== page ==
Why branding is an important component of your reputation

Jack Ward

In recent research carried out by British Growers Association across 139 UK growers, branding was ranked on a par with buying British when it came to listing things that help to maintain competitiveness.

Branding is a relative newcomer to the world of agriculture and growing, although there are companies that have been exceptionally successful in using a strong brand identity to inform and secure recognition for their organisation and their products.

So in a market where customer packaging requirements all but eliminate the scope for branding at the point of sale, does branding matter at the producer end of the supply chain?

Strolling along the branding highway you need to tread wearily to avoid the decaying carcases of some major branding disasters. I recall enjoying a very good dinner before being regaled by a forceful argument for ditching the Royal Mail brand in favour of Consignia. Royal Mail had been in existence since 1516 but, for reasons best known to the management at the time, the company was renamed Consignia. The new name was intended to show that the company did more than deliver mail. The change proved very unpopular with both the public and employees. Even the Communication Workers Union boycotted the name, and within a year it was renamed Royal Mail Group.

What is a brand and what can it do for a business or is it just another distraction to be avoided?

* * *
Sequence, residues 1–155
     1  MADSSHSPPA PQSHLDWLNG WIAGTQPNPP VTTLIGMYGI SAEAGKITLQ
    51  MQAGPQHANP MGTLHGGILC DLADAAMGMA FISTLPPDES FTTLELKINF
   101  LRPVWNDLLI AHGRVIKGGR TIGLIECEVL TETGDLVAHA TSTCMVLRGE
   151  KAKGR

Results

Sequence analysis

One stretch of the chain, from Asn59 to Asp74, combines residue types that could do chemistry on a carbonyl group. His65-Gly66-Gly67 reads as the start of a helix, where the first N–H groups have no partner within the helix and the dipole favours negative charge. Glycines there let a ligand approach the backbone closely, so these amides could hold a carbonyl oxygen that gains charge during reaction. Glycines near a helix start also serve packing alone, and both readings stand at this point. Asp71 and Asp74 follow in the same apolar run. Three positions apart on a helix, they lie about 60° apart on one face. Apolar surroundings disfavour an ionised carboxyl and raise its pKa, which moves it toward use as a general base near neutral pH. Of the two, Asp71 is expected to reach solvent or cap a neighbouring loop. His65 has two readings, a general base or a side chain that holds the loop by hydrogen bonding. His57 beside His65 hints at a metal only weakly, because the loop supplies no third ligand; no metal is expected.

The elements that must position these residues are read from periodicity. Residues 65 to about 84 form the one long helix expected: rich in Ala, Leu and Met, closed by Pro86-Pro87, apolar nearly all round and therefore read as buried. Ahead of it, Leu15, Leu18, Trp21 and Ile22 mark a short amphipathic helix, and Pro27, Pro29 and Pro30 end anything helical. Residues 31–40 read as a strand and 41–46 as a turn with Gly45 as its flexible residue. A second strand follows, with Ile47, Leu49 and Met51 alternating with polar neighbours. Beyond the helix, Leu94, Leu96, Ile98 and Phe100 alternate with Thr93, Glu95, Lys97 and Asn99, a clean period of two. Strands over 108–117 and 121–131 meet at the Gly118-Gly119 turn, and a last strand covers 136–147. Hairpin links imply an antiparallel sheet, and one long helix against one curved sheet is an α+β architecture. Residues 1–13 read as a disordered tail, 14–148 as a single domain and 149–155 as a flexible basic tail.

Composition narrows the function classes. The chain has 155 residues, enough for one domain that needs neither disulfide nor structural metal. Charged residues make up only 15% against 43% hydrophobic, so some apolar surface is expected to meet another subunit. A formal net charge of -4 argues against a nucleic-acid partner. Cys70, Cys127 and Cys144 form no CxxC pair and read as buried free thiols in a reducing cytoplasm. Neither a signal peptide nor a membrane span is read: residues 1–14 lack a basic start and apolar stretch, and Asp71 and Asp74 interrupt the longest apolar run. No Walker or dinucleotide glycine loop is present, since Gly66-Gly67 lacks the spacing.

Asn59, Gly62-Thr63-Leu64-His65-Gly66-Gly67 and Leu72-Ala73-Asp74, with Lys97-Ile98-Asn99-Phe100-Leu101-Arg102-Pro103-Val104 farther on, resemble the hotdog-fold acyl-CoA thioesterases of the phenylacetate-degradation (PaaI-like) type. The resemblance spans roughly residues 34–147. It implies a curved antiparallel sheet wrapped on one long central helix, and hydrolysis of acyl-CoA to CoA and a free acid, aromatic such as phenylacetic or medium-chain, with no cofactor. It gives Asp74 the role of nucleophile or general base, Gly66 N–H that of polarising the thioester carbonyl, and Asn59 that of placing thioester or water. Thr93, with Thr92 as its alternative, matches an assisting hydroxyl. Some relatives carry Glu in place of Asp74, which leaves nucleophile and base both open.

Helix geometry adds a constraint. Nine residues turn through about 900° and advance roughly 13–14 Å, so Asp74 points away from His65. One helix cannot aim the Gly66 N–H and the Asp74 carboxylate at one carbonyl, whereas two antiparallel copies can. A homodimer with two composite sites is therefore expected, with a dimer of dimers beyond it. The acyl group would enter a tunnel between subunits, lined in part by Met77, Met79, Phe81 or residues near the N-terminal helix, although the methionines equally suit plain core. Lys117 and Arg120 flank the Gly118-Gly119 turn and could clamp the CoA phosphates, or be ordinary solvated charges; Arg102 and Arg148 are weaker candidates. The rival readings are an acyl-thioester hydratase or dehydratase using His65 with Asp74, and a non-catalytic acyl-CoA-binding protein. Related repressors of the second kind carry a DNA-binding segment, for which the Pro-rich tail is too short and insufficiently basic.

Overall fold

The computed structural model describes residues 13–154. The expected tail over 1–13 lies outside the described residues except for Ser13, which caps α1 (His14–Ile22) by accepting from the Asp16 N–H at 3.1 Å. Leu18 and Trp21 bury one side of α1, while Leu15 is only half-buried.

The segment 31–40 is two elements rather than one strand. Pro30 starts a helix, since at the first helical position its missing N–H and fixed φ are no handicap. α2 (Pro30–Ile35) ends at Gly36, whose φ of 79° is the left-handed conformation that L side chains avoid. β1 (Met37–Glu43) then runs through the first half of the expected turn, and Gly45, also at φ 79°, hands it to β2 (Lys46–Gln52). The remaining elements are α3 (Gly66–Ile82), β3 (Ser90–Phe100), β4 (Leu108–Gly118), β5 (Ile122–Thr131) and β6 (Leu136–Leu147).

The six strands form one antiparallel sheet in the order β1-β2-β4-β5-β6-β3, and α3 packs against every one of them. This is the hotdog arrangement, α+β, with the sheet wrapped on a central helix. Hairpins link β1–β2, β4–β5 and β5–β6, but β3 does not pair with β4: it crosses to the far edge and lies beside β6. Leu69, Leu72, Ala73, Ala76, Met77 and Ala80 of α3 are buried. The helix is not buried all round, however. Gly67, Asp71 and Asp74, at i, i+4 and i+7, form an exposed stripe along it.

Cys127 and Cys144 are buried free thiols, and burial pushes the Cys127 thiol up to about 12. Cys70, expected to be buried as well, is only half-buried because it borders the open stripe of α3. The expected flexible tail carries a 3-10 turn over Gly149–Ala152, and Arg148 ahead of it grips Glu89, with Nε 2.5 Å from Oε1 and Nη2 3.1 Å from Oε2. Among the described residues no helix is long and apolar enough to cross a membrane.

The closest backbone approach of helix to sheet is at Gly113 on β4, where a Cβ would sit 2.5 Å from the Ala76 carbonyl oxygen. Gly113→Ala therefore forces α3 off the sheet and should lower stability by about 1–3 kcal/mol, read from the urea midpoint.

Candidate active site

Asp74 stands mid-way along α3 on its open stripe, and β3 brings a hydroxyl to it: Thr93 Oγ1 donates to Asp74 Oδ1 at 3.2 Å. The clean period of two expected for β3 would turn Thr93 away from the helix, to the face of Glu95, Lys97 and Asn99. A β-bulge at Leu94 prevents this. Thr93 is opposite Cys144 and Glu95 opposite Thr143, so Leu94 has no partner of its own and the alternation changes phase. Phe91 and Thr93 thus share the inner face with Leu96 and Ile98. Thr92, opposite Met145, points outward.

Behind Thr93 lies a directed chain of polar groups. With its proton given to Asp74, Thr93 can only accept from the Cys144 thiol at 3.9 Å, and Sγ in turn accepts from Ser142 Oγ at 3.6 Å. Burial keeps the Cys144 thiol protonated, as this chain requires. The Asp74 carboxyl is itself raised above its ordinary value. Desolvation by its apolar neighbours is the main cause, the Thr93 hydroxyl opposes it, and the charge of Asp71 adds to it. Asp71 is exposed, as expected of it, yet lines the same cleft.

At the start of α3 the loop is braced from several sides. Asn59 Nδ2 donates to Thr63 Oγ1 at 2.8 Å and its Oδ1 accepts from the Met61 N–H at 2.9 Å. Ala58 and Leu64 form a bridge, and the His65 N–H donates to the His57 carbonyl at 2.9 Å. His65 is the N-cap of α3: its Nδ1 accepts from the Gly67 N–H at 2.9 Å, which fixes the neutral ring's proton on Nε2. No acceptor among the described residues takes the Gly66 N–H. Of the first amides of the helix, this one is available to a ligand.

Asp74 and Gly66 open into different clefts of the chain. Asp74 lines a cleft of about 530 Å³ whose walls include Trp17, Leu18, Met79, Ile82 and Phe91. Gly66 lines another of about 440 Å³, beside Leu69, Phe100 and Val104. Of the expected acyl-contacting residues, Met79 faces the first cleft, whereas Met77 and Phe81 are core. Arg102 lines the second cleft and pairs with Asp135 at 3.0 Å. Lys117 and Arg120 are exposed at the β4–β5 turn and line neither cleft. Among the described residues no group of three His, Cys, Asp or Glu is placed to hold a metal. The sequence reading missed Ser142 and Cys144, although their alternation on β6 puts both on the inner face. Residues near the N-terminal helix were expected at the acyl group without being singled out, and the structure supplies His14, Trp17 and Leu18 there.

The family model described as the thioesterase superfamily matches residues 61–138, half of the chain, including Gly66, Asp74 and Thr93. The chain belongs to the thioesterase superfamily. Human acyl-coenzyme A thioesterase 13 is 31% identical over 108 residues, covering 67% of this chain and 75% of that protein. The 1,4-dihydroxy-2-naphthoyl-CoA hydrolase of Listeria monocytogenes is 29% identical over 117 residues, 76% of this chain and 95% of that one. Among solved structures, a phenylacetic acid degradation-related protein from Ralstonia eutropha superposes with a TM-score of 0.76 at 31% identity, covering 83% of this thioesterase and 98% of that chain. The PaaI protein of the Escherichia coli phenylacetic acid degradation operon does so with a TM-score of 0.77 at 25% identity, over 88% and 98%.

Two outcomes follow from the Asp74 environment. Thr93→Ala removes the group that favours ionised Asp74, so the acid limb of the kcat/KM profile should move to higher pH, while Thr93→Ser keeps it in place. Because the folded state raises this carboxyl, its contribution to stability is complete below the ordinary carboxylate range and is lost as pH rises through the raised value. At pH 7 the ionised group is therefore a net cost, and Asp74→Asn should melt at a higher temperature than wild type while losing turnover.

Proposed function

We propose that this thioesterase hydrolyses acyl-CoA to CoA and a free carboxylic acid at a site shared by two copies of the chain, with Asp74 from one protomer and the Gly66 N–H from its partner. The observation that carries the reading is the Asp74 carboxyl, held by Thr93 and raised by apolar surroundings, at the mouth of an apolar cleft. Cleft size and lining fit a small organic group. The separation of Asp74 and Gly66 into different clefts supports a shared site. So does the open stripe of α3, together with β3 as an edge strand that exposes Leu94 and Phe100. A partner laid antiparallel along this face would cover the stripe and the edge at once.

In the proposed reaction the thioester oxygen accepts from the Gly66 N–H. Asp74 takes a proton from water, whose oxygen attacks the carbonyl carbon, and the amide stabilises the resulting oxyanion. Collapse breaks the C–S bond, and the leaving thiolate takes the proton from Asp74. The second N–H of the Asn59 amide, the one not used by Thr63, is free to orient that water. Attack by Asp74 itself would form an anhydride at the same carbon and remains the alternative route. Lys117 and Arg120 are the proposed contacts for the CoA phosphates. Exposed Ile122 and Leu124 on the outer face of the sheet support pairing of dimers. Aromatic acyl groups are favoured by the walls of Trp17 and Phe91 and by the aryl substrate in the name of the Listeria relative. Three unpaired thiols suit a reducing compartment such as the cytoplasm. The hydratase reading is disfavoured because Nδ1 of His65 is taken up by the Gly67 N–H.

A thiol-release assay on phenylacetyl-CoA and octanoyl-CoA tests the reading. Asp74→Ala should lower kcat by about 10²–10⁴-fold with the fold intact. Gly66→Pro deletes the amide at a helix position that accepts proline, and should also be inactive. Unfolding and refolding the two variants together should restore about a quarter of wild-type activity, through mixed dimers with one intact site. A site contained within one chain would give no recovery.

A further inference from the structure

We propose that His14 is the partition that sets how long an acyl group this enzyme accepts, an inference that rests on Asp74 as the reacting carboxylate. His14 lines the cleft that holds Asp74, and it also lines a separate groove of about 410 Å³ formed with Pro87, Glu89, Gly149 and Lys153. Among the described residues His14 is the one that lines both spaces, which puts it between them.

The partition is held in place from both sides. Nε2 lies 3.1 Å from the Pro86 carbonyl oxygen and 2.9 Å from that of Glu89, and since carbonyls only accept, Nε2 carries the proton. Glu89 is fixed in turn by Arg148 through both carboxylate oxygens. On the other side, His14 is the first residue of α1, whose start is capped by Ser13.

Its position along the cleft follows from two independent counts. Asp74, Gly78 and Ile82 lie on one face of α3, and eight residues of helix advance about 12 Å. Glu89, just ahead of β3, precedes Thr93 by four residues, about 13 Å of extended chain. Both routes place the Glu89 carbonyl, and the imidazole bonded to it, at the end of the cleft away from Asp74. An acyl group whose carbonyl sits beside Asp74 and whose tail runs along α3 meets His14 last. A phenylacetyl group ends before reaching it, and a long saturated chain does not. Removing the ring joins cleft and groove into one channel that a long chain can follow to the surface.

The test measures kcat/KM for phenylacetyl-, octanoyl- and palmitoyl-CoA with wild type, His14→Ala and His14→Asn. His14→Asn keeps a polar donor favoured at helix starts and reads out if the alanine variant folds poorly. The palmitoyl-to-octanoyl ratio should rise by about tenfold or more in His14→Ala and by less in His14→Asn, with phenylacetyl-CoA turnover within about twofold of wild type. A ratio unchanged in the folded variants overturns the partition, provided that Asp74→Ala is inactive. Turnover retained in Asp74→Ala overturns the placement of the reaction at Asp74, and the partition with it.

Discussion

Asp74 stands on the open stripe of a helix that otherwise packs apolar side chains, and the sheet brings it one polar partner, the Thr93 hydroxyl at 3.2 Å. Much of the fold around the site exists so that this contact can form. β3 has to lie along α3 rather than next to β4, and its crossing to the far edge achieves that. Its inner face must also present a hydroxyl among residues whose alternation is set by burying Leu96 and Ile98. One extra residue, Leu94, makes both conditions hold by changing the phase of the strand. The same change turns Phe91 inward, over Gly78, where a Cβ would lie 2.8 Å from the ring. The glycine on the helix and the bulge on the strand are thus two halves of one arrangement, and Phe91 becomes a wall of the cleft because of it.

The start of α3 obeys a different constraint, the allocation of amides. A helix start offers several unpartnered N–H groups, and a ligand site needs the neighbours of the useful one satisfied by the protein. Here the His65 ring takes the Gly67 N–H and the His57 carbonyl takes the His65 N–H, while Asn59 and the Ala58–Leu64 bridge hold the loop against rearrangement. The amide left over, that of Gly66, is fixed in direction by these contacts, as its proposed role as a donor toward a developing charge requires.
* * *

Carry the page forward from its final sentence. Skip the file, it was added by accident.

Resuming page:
A brand is what your customers, prospective customers, competitors and stakeholders have experienced or know or have heard you to be. Put another way, it is an important component in your reputation and influences people in the way they think and react to you.

The advice often given to companies is that they need to make every aspect of a company live and breathe the brand. Interestingly, at grower level, where it is common for strong family values to run through the business, that sense of making every aspect of the company live and breathe the implicit values comes through very strongly.

Whereas some companies invest heavily creating a brand and then face the challenge of instilling the supporting values throughout the company, plenty of growers already have that tricky component – the embedded values running through the business. But they don’t necessarily take them on and develop a strong, well-recognised brand for their organisation.

One of the other outcomes of the British Growers’ research was the ongoing power of the retail customer. We are seeing signs that retailers are becoming more selective about the companies they want in their supply chain, so creating the right brand image for your operation and your products may play an important part in retaining your customers.

Perhaps now is the time to review the way your customers experience or know or have heard you to be, build on all those positives which probably already exist within the business and create the brand that you want to reflect your business beyond the farm gate.  



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